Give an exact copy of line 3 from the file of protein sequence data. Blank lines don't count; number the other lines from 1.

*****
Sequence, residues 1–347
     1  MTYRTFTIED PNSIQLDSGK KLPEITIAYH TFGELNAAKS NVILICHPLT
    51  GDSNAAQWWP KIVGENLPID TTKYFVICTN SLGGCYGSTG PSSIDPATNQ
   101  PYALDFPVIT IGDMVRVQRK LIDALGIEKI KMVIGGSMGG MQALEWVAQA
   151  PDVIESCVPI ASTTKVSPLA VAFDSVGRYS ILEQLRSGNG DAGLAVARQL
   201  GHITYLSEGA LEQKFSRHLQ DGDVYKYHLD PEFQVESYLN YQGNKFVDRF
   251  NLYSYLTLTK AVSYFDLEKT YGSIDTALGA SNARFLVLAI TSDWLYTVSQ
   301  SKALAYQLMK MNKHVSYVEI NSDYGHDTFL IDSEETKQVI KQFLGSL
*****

    51  GDSNAAQWWP KIVGENLPID TTKYFVICTN SLGGCYGSTG PSSIDPATNQ